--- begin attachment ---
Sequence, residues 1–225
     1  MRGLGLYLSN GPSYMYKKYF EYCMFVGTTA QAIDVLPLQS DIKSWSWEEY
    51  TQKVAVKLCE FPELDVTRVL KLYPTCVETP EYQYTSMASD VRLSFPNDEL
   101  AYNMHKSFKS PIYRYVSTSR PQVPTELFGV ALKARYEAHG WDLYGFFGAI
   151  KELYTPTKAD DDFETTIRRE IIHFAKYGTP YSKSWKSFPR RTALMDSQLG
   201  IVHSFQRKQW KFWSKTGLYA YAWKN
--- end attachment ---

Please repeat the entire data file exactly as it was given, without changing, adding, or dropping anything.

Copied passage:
Sequence, residues 1–225
     1  MRGLGLYLSN GPSYMYKKYF EYCMFVGTTA QAIDVLPLQS DIKSWSWEEY
    51  TQKVAVKLCE FPELDVTRVL KLYPTCVETP EYQYTSMASD VRLSFPNDEL
   101  AYNMHKSFKS PIYRYVSTSR PQVPTELFGV ALKARYEAHG WDLYGFFGAI
   151  KELYTPTKAD DDFETTIRRE IIHFAKYGTP YSKSWKSFPR RTALMDSQLG
   201  IVHSFQRKQW KFWSKTGLYA YAWKN